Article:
Each partner institution of the Swiss Learning Health System (SLHS) is working on a specific topic that will lead to policy briefs and stakeholder dialogues.
One of the main objectives of the Swiss Learning Health System (SLHS) is to train young researchers to understand and conduct high quality research in the intersection of practice, policy and research.
These former PhD students who were part of the SLHS were actively contributing to the learning cycles by working on Policy Briefs and participating in Stakeholder Dialogues.
Alessio De Santo
Alessio’s main research interests resided in information systems, more precisely in the elaboration of decision support systems; embracing the areas of knowledge management and decision-making.
Eliane's contribution to the SLHS was in the area of the design and development of the meta date repository. This repository will integrate heterogeneous data sources relevant to the Swiss public health domain and health services research, and it will model the knowledge extracted from these sources. The realization of this meta data repository poses many research challenges in computer sciences, like integrating unstructured sources, allowing search and data analysis capabilities on the extracted knowledge alongside data management and protection.
Aron is interested in the relevance and use of evidence in health policy-making. In his research, he wondered how important research evidence is for health policy-makers and how research evidence influences outcomes of health policy-making. He also addressed factors that are promoting or hindering the use of evidence in health policy-making.
Anne Christine Heerdegen
Anne Christine’s doctoral research focused on health systems strengthening in low – and middle income countries, with a particular focus on local health system management.
Dario's research was in the area of pubic law and health law. He was writing his PhD thesis about the cost-effectiveness requirement under the Swiss Health Insurance Act (KVG).
Ladina is a lawyer with professional experience in the public and private sector. Her dissertation was on the topic of "Benefit Sharing: Entitlement to Share Research Results.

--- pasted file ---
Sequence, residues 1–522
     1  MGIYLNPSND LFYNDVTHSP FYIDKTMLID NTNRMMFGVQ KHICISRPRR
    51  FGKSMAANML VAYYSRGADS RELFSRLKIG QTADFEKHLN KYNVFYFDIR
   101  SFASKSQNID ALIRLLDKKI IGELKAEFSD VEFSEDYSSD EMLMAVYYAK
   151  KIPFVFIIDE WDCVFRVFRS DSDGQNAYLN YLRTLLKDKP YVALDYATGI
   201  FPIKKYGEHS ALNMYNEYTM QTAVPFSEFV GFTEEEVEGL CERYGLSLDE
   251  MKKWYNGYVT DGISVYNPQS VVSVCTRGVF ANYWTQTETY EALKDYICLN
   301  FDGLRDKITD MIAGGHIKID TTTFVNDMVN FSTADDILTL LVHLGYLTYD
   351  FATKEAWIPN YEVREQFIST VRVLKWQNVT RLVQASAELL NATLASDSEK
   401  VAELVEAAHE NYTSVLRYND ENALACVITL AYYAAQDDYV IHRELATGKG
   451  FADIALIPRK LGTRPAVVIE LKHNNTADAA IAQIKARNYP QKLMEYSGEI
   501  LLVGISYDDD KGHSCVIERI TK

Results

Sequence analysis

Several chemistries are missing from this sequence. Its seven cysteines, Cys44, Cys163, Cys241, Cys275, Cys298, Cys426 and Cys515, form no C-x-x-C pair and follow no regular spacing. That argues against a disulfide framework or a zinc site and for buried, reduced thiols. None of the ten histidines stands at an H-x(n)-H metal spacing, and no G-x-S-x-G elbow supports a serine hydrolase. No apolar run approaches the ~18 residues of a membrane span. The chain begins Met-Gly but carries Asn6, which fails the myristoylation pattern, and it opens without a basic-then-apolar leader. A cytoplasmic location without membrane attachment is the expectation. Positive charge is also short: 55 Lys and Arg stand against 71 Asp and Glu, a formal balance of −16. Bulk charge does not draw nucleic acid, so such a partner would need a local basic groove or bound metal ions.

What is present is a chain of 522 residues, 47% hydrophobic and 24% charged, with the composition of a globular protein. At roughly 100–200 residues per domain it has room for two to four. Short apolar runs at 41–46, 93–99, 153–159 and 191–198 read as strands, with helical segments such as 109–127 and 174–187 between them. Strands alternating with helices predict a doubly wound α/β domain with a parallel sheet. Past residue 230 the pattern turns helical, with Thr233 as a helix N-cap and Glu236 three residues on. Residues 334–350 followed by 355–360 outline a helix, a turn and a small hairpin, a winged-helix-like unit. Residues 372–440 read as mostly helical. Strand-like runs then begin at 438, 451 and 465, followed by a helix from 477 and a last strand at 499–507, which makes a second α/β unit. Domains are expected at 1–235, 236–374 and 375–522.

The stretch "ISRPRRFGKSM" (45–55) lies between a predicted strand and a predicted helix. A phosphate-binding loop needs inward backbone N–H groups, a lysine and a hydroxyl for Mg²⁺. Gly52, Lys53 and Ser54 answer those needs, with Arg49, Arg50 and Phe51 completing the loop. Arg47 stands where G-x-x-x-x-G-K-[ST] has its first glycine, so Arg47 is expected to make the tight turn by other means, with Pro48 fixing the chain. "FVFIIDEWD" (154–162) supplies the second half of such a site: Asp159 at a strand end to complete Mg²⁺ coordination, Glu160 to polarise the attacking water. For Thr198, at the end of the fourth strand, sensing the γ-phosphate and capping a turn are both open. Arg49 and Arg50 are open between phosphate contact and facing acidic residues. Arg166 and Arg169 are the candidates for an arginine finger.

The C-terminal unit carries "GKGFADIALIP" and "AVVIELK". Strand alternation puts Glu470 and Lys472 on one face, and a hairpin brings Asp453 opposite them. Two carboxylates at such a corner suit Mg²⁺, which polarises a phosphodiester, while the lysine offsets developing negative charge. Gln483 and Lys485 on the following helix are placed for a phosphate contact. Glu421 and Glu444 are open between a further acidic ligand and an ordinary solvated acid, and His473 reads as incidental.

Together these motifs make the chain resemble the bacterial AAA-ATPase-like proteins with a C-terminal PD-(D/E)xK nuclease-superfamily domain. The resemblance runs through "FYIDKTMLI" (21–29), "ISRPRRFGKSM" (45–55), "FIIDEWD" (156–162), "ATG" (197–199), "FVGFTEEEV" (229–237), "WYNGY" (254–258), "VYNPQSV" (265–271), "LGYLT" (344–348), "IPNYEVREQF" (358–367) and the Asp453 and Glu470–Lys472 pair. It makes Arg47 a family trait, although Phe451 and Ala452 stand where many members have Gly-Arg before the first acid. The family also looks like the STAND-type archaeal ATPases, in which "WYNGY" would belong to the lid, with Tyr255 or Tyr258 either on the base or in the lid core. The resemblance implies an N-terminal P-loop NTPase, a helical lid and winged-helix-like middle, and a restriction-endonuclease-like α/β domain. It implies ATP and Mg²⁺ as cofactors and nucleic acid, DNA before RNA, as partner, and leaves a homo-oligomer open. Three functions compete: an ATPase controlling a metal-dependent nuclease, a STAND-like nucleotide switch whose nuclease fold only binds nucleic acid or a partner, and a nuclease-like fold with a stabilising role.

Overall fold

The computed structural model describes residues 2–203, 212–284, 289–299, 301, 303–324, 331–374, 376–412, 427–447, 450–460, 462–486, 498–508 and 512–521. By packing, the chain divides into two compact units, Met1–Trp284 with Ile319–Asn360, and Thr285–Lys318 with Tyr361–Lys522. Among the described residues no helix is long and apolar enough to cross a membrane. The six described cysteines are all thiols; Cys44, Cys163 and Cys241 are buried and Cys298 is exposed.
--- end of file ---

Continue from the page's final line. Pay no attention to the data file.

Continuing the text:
Yanmei worked in the area of applied health economics and health policy evaluation, with a main focus on health insurance systems. The major focus of Yanmei’s research project was on the Swiss health insurance system and health care demand. The mandatory Swiss insurance system requires individuals to make decisions regarding their health care plan selections. How individuals understand complex insurance coverages, what factors affect choices of different plans, and how this choice affects health care utilization are important research areas that have implications on the efficiency of a health insurance system.
Kathryn Dawson Townsend
Kathryn's doctoral research focused on the relationship between social capital (social participation and social support) and health-related outcomes for older adults, as well as informal caregiving.
Evaristo's research interests focused on policies and tools to improve integration and collaboration in the nursing home sector, as well as on premium subsidies and other support mechanisms to low income households in the statutory health insurance.
Yael's PhD research focused on prevention and treatment of cardiovascular diseases in Swiss primary care based on electronic medical records of general practicioners (www.fireproject.ch). Besides describing preventive activities of general practicioners (i.e.assessment and treatment of metabolic risk factors), she aimed to assess guideline concordance of these activities and to find determinants thereof.